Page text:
In the midst of the global economic crisis of 2008-2009, I posted a musing entitled “Dollars and Gold” (Mercenary Musing, March 23, 2009). At that juncture, gold was priced at less than $1000 per ounce in US dollars. The Federal Reserve was only six months into what turned out to be a five-year campaign of massive inflation of the US money supply backstopped by zero interest rates.
In that missive, I bucked the bullion bugs and boldly boasted gold would not hit $2000 an ounce. Indeed, the Fed’s policy that created $4 trillion in new “money” since Q3 of 2008 spurred the biggest bull market for gold since 1980-81. But it still has never reached that pie-in-the sky figure of $2000. Gold’s all-time closing high of $1895 (London) was set on September 6, 2011. In the early fall of 2012 it began a slow decline with lower lows and lower highs until finally capitulating in mid-April to late June of 2013, when it briefly closed below $1200.
Since that time, gold has been generally range-bound from $1200 to $1350 an ounce, with some brief forays above $1400. For most of the past month it has traded below $1200.
This 6+ year chart illustrates the steady rise and subsequent fall of gold since bottoming in late October 2008:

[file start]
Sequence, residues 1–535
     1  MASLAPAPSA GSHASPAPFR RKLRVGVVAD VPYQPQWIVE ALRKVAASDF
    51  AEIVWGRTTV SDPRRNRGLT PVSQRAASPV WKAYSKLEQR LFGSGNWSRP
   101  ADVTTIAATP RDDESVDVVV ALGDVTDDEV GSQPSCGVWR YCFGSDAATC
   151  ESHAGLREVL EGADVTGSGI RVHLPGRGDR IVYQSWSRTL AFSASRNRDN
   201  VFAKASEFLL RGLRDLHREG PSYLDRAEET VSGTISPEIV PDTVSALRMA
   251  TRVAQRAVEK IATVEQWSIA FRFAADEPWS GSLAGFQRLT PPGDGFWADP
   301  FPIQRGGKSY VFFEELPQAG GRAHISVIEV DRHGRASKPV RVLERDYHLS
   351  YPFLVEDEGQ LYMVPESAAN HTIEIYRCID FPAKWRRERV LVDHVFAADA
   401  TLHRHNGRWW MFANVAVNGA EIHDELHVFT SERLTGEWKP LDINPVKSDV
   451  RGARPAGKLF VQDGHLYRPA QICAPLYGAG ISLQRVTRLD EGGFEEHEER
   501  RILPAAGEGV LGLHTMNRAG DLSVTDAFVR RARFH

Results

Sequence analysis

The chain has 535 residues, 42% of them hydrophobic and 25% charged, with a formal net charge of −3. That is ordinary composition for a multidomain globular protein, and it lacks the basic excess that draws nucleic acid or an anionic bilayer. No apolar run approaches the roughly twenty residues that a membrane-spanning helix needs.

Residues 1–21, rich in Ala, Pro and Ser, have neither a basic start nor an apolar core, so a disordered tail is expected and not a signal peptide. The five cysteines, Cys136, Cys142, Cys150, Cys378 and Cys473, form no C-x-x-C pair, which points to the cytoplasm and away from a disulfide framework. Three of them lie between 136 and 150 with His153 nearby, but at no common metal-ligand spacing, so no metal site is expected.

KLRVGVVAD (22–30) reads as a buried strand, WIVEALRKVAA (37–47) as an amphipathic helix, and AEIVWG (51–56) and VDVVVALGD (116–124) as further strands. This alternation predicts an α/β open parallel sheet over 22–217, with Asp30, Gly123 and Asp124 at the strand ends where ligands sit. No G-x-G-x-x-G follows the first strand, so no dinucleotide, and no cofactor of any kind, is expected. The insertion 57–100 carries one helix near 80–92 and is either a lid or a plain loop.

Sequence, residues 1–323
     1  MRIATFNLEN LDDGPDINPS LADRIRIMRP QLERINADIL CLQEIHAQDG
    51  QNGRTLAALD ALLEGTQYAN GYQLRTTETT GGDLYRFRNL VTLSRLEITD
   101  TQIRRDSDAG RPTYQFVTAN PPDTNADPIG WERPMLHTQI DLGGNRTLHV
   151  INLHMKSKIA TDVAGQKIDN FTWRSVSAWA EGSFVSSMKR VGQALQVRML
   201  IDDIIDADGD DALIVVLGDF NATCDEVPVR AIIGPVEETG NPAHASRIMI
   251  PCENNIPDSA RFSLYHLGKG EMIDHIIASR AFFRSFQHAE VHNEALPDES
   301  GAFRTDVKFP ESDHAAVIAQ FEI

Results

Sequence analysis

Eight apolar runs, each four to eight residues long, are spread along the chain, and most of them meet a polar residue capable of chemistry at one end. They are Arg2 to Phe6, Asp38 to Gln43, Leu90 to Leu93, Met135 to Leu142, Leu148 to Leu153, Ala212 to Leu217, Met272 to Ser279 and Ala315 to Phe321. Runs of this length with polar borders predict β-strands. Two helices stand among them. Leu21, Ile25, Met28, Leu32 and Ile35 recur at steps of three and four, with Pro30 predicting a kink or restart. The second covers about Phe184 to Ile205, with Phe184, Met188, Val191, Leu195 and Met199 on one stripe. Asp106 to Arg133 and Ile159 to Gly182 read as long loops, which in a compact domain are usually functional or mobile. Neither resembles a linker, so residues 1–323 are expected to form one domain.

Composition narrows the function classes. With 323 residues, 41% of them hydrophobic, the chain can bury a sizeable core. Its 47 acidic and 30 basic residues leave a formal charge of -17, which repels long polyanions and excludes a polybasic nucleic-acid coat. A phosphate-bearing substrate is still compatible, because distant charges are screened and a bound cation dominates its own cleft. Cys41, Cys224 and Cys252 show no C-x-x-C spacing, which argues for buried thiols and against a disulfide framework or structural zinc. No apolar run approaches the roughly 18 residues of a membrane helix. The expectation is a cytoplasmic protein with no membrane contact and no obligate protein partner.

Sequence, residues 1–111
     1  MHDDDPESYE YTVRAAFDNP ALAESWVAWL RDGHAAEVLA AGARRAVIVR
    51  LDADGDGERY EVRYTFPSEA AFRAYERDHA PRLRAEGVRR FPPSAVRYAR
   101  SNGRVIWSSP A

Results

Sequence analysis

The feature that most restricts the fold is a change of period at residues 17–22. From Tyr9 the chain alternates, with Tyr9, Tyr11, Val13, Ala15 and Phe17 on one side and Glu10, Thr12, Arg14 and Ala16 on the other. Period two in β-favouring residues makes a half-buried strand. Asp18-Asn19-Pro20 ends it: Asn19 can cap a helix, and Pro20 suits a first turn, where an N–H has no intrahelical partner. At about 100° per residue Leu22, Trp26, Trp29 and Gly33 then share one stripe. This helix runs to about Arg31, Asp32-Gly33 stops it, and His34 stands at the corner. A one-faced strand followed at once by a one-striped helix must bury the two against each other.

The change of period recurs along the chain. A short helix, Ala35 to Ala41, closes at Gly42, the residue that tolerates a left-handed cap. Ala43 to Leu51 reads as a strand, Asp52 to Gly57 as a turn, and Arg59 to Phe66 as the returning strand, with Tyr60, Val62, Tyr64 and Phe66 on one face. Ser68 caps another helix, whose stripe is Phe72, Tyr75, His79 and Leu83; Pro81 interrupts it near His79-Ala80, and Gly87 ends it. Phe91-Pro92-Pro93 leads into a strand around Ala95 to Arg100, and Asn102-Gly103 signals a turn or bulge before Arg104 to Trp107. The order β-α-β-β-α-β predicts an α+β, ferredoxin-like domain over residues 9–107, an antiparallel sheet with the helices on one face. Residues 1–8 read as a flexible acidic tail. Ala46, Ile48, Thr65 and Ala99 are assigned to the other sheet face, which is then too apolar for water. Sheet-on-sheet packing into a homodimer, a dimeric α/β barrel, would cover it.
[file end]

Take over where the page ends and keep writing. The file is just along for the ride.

In two recent Mercenary Musings I explored the very high inverse correlations between the US dollar index (DXY) and precious metals, copper, and oil since July 11 (November 17, 2014; November 24, 2014). An irrefutable case was made that the weakness in commodity prices for the past 4+ months is largely accountable to the strength of the US dollar.
Today, I continue in the same vein with more evidence that gold has not lost any significant value or purchasing power on the world stage since July 11. My case will again be made with a series of charts.
Let’s look at the price of gold in other major world currencies, including the six that comprise the DXY. Note that these gold prices are intraday New York quotes.
Firstly, here’s the price of gold in US dollars, showing an 11% decline from July 11 to November 27:
Next is the price chart in Maple Leafs where gold has declined about 6%. I think gold’s lesser loss in loonies illustrates the reliance of Canadian economic health on export of its hard commodities. That factor is somewhat countered by the country’s closely intertwined relationship with big brother to the south:
Now let’s compare the significant drops in the price of gold in North American currencies with their
European counterparts and specifically the four currencies represented in the US dollar index.Gold has largely maintained its value in Euros, the currency without a country.
It is off less than 3%:
The value of gold in the British pound largely mimics its continental counterpart, also with a 3% decline:
The story is the same in the world’s former banking and money-laundering safe haven, with the gold price in Swiss francs dropping almost 4%:
Gold in the Swedish krona is down a little more than 2%:
Meanwhile, gold’s value in Japanese yen has actually gone up 4% over the period. Note however, it was flat until early November. The recent gain is undoubtedly due to the recently-admitted failure of “Abenomics” and Japan’s sink into recession and is illustrated by the following exponential rise: